More than $55 million of New Jersey’s latest relief funds are reserved for summer and afterschool programs. District could use the money to revamp their offerings — for instance, by hiring outside groups to provide intensive tutoring or purchasing new teaching materials.
But again, quality matters. After Atlanta Public Schools launched a new tutoring program in 2016, researchers found problems with the online curriculum, limited coordination between tutors and teachers, and insufficient instructional time. The program had no measurable effect on student learning.
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You can only help students who show up.
Ramping up support programs is a great idea — if students attend.
District leaders across New Jersey say they plan to expand their existing summer and afterschool programs so more students can participate. But in districts such as Newark, summer school is optional except for a limited number of struggling students.
Last year, just 4,000 students — about 11% of district students — attended Newark’s virtual summer programs, Superintendent Roger León said. Participation was a problem even before the pandemic.
“People in our city, when they hear that something is not mandatory, they don’t think they need to go,” León said in 2018 when discussing that summer’s low turnout.
The attendance challenge is widespread. A rigorous study of high-quality summer programs in five cities found limited academic benefits. The reason: 20% of enrolled students never showed up, and those who did missed about a quarter of the sessions. Only the fraction of students who consistently attended saw significant learning gains.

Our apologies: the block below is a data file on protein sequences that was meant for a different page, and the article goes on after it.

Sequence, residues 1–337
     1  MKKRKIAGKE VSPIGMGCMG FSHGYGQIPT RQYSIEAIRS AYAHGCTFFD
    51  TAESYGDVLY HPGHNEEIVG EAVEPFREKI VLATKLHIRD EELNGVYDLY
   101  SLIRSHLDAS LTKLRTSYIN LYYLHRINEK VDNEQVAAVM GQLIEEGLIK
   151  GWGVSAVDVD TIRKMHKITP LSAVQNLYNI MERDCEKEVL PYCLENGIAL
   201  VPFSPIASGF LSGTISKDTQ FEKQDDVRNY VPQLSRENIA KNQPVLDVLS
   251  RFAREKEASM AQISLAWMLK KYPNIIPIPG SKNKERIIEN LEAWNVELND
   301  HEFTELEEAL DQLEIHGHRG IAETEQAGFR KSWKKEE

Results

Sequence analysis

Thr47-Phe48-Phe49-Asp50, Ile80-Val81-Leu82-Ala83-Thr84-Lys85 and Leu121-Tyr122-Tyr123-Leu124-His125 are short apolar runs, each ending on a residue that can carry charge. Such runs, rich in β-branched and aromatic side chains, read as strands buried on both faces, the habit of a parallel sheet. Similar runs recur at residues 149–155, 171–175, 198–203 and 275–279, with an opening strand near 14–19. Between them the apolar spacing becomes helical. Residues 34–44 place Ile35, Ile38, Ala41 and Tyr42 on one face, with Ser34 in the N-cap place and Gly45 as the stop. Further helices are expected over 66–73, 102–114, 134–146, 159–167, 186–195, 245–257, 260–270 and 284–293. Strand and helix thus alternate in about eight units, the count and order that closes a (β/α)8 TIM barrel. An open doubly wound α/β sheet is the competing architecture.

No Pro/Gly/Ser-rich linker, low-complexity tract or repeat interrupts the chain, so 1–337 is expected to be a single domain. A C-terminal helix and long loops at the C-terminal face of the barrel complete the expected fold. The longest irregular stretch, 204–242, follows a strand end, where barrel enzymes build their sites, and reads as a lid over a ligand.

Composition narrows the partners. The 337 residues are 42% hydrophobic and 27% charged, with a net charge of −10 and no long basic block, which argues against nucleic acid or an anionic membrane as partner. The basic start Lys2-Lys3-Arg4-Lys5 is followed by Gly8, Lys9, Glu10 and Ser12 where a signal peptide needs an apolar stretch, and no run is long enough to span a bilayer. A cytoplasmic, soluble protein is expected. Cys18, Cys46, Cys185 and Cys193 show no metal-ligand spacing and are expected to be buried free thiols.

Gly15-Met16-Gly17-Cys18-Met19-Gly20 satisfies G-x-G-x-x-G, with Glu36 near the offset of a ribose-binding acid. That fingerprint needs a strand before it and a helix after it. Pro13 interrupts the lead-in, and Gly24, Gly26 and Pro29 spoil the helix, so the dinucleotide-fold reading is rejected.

Even getting students to register can be difficult. One study found that students with the greatest academic needs were unlikely to sign up for optional tutoring.
So what can districts do?
Mandatory summer school tends to have higher attendance. But voluntary programs can boost turnout by setting clear expectations — for instance, removing students who miss more than three days — and providing incentives, such as field trips and celebrations, for good attendance.
Recruitment is also essential. Dr. Scott Rocco, superintendent of the Hamilton Township school district, said staffers might conduct home visits to explain the importance of summer learning to families. They also hope to make the program so fun that students want to attend.
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“You’ve got to figure out a way to make it creative, interesting, and engaging,” he said.
Don’t go it alone.
Throughout the pandemic, local groups have been a lifeline for many students and families.
In Newark, After-School All-Stars New Jersey has offered virtual tutoring since classrooms closed, along with cooking, sewing, and music production classes. The Boys & Girls Club of Newark offers a full-day program that provides supervision while students take remote classes, followed by enrichment activities and homework help.
Now, both groups say they’re eager to assist with recovery efforts. The Newark Boys & Girls Club is developing a tutoring program aimed at reversing learning loss, said CEO Ameer Washington. And as Newark district and charter schools plan to reopen classrooms next month, After-School All-Stars is ready to bring back its programs — if schools allow them, said Executive Director Nicole Harris.
“If they are willing to let external organizations in,” she said, “then we will be there to support students.”
Aaron P. Dworkin, CEO of the National Summer Learning Association, said that because the relief money will flow through districts, they should set clear expectations for partner organizations and make sure everyone is on the same page.
Effective programs that help students rebound from the pandemic are within reach, he added.
“We have the research, we have best practices, we have partners — and now we have money,” he said. “We should be able to do this.”